Model Based Dosage Optimization

Upon the selection of the appropriate PK/PD model, optimal dosage needs to be derived for each patient. Two new "models" are introduced at this point—the cost and the utility functions. The cost-utility analysis in PK/PD

modeling is relatively new and only the general theoretical principles will be discussed here. The cost of a therapy can be defined as the "expense" of the therapy due to an adverse effect, given the desired effect. Consider two drugs—one for relieving migraine headache and another for treating subarachanoid hemorrhage. Assume that both these drugs produce nausea. Given the indication (migraine versus stroke), the cost of the two therapies could be drastically different and hence may need different weighting. The physician(s) and/or the patient decide the "cost" of a therapy, which makes it highly subjective. The utility of a therapy can be defined as the advantage the therapy is providing over not taking the therapy, given the cost of declining therapy and the cost of drug-related toxicity.

Utility=f(Cost (No Therapy), Benefit, Cost (Toxicity) (3)

The utility function could have many components depending on the number of desired and undesired effects. Figure 2 shows the concentration (or dose)effect curves and the utility curve for various costs. Using the curves such as those in Fig. 2, a target exposure and the region of therapeutic equivalence should be determined. For example, the curve in Panel B for the stroke drug suggests an optimal target exposure of about 100. Further, the utility equivalence region would be, say, between 80 and 500% (asymmetric

FIGURE 2 The exposure (concentration or dose)-response (desired and undesired) relationships of a hypothetical drug (Panel A). The utility of the therapy was determined by subtracting the (cost adjusted) undesired effect from the desired effect. The utilities of the therapy for two different desired effects [disease reversal (stroke), migraine pain relief] given the same undesired effect (nausea) are shown in Panel B. Note that declining therapy for stroke has a high cost. The exposure that results in the maximum utility would be the optimal target exposure. In Panel B, the optimal target exposure would be about 100 for the stroke drug and zero for the antimigraine drug.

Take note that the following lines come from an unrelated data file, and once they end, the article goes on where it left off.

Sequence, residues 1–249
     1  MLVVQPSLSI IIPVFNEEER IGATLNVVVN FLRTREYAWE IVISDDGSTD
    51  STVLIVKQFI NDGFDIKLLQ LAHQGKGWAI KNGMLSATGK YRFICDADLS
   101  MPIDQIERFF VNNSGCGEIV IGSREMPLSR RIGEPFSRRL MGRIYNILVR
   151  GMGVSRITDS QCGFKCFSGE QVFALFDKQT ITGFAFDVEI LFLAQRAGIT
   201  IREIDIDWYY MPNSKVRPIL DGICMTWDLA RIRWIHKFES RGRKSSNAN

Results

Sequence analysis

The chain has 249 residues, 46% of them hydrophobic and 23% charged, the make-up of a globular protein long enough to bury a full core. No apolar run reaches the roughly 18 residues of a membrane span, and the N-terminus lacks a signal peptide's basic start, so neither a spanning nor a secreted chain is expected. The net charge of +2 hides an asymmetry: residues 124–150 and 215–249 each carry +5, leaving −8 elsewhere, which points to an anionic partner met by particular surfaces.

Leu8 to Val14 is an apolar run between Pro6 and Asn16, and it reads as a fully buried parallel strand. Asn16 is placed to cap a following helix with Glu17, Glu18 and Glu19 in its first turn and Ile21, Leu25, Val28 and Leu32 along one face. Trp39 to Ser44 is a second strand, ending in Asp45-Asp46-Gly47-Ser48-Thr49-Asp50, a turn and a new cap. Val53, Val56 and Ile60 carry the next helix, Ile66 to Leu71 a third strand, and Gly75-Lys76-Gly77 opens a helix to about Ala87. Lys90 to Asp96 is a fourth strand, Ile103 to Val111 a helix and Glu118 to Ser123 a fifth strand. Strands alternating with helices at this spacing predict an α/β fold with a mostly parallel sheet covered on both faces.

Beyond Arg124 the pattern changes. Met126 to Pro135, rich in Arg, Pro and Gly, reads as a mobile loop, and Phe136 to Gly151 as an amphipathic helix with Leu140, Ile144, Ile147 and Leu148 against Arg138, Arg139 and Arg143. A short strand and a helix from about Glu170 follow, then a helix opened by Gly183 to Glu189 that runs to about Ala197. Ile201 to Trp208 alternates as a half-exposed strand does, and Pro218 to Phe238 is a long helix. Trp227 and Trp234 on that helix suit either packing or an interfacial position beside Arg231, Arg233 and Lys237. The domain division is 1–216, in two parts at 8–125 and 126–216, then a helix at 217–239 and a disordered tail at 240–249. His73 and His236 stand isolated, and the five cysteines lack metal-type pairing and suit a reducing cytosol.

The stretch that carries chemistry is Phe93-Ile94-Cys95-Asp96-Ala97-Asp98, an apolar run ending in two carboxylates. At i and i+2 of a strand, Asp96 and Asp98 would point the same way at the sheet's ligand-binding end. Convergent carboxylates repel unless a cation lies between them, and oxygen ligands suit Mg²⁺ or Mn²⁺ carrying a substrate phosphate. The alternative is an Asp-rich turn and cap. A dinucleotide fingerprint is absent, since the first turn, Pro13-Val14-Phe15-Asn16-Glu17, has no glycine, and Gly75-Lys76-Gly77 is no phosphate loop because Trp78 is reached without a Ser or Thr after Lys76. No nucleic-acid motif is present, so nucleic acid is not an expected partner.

FIGURE 2 The exposure (concentration or dose)-response (desired and undesired) relationships of a hypothetical drug (Panel A). The utility of the therapy was determined by subtracting the (cost adjusted) undesired effect from the desired effect. The utilities of the therapy for two different desired effects [disease reversal (stroke), migraine pain relief] given the same undesired effect (nausea) are shown in Panel B. Note that declining therapy for stroke has a high cost. The exposure that results in the maximum utility would be the optimal target exposure. In Panel B, the optimal target exposure would be about 100 for the stroke drug and zero for the antimigraine drug.

intervals). The corresponding exposures can then serve as surrogates for individualizing drug exposures and establishing equivalence of two products.

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